Books I’ve Read: The Education of Millionaires by Michael Ellsberg


I’m really excited that this is happening even sooner than I thought, but I got to a point where I really wanted to get the information this author was providing.

The Education of MillionairesThe Education of Millionaires by Michael Ellsberg is a dissertation against traditional higher education. He rails against the cost, the structure, and the lack of real measurable skills that are associated with a college degree, and demonstrates through real-world examples just how successful one can be by learning skills that are not taught in a classroom. Many of his examples are multi-millionaires without a degree or even a high school diploma.

This book really spoke to me personally because I went the traditional route. I graduated high school and then immediately went to college, taking on a large amount of debt to be able to pay for a piece of paper that certifies I know things. But then… I stopped. I was lost because I didn’t see the value in the classes I was taking. I felt like I chose the wrong path. I became first disengaged, then lapsed into what was likely depression. Once I made the choice to withdraw from school, I immediately felt better. And though it took some time, I found a different path that I’m walking now. I’m still taking classes because for the job I want, I do need that piece of paper. But I think these are more relevant, and I’m supplementing with books, articles, industry info, and networking, taking my education into my own hands. I think Mr. Ellsberg would approve.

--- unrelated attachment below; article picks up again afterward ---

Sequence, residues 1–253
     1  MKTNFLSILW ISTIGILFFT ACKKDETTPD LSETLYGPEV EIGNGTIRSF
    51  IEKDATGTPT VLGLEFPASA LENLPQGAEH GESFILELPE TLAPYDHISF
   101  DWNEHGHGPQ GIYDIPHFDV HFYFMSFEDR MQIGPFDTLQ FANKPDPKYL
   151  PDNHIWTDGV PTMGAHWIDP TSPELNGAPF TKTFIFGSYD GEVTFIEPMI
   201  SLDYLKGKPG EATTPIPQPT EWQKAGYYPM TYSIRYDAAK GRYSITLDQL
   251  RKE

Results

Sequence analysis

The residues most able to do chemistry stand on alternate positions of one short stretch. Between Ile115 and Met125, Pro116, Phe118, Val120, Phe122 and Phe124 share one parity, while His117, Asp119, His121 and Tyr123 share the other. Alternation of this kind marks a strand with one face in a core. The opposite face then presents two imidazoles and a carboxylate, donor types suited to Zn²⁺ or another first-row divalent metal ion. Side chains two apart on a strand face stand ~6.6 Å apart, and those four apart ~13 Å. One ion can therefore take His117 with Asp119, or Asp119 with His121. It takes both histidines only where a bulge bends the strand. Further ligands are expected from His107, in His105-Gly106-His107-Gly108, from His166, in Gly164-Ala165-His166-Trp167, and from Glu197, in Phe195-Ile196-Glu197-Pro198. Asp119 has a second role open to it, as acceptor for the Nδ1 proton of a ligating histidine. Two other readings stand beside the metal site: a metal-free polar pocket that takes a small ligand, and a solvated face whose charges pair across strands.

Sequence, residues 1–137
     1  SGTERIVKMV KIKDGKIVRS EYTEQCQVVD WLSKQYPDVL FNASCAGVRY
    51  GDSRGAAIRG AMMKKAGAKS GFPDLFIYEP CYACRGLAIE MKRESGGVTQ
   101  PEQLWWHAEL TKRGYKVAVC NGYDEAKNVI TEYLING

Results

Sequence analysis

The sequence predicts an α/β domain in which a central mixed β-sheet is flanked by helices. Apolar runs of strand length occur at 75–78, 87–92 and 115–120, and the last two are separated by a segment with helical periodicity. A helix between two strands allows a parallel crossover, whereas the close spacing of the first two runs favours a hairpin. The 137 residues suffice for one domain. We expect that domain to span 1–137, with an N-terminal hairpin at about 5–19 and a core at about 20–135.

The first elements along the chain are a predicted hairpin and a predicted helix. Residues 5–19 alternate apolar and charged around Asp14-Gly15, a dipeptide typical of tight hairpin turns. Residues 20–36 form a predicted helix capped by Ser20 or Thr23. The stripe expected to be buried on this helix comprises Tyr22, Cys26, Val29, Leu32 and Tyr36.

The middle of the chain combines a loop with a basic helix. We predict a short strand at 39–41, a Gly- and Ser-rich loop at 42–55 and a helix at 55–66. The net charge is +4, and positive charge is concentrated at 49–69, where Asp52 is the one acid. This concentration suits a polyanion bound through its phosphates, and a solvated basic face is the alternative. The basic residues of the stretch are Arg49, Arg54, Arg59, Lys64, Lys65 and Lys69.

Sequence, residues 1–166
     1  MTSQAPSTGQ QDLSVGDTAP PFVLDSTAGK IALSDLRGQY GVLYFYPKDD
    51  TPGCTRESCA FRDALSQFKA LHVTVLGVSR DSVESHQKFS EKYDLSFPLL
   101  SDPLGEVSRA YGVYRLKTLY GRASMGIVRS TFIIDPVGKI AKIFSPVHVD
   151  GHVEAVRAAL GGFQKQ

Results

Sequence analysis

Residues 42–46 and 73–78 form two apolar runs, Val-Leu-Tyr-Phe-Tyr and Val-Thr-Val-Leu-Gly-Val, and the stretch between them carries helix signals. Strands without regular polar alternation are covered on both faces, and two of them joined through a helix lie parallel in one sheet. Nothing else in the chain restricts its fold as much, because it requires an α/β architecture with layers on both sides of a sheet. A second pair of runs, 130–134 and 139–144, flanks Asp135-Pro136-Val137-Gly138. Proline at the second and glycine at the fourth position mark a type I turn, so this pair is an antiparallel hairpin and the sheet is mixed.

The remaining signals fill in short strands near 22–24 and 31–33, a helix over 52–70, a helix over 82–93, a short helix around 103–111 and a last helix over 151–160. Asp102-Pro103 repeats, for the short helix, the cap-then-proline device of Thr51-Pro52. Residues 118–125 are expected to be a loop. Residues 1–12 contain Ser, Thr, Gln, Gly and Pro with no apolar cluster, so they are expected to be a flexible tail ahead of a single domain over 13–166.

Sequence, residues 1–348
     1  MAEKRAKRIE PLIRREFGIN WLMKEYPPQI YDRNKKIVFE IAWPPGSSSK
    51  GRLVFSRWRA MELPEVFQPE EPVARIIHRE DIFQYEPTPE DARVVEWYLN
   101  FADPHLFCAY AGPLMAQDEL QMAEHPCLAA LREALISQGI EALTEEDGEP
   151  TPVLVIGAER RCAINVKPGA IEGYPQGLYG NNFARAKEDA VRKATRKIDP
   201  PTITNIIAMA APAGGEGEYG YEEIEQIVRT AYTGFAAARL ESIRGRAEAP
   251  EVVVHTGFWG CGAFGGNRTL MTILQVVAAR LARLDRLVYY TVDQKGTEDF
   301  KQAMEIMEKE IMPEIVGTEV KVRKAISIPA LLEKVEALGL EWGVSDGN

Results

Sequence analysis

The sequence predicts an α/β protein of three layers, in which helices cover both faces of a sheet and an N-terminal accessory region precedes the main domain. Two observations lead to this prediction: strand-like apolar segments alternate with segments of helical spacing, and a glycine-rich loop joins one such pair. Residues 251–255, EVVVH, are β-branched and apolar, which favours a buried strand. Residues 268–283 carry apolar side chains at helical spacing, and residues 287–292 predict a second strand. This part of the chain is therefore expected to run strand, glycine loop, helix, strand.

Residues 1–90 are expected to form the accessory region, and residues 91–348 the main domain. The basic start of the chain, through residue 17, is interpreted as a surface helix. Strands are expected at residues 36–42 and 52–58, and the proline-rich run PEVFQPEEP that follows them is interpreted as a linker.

The premise of The Education of Millionaires is this: there are certain skills that will help you become successful, either as an employee or as an entrepreneur, and these cannot be or are not taught through academic papers and homework assignments on a college campus. College is cerebral and theoretical. These skills are hands-on and applicable. There are 7 skills he outlines, including networking, marketing, and “bootstrapping.” And they don’t necessarily cost thousands of dollars; in fact, many cost nothing. It’s a very Good Will Hunting type of philosophy.Good Will Hunting Libray Fee Quote

Now for all the academics out there or those who really did need a college degree, or who really did find great value in their college experience, he doesn’t outright condemn the whole university system. He admits that there a definitely benefits to higher education, and especially if you are going into medicine or engineering. But he disagrees that every single person needs to go to college and get a degree. He opposes the fact that society has created this notion that all 18-year-olds need to take out massive loans for an esoteric education that no longer guarantees a job.

The nice thing about this book is that, even though I read the whole thing, I’m not finished with it yet. Ellsberg provides a wealth of resources for teaching yourself about these skills, so I’ll be going through those in the weeks to come.

So would I recommend this book? I definitely would, especially to high school juniors/seniors or anyone who couldn’t/didn’t get a college degree and feels stuck. Parents, employers, educators, and really anyone who could potentially influence the education or employment of anyone else. The information is engaging and useful, and the writing style is very casual (read “contains some explicit language”). Pick up a copy!

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